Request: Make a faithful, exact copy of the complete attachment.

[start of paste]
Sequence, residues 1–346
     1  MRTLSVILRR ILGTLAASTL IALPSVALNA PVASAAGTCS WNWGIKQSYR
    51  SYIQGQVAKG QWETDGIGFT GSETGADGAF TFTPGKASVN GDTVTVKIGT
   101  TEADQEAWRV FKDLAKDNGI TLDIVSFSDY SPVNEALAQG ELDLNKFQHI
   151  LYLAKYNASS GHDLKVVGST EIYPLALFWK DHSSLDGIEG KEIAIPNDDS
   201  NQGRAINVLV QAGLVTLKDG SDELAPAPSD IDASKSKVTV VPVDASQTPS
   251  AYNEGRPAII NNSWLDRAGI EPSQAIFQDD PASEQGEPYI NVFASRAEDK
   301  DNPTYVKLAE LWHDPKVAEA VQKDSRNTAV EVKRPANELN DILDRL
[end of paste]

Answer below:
Sequence, residues 1–346
     1  MRTLSVILRR ILGTLAASTL IALPSVALNA PVASAAGTCS WNWGIKQSYR
    51  SYIQGQVAKG QWETDGIGFT GSETGADGAF TFTPGKASVN GDTVTVKIGT
   101  TEADQEAWRV FKDLAKDNGI TLDIVSFSDY SPVNEALAQG ELDLNKFQHI
   151  LYLAKYNASS GHDLKVVGST EIYPLALFWK DHSSLDGIEG KEIAIPNDDS
   201  NQGRAINVLV QAGLVTLKDG SDELAPAPSD IDASKSKVTV VPVDASQTPS
   251  AYNEGRPAII NNSWLDRAGI EPSQAIFQDD PASEQGEPYI NVFASRAEDK
   301  DNPTYVKLAE LWHDPKVAEA VQKDSRNTAV EVKRPANELN DILDRL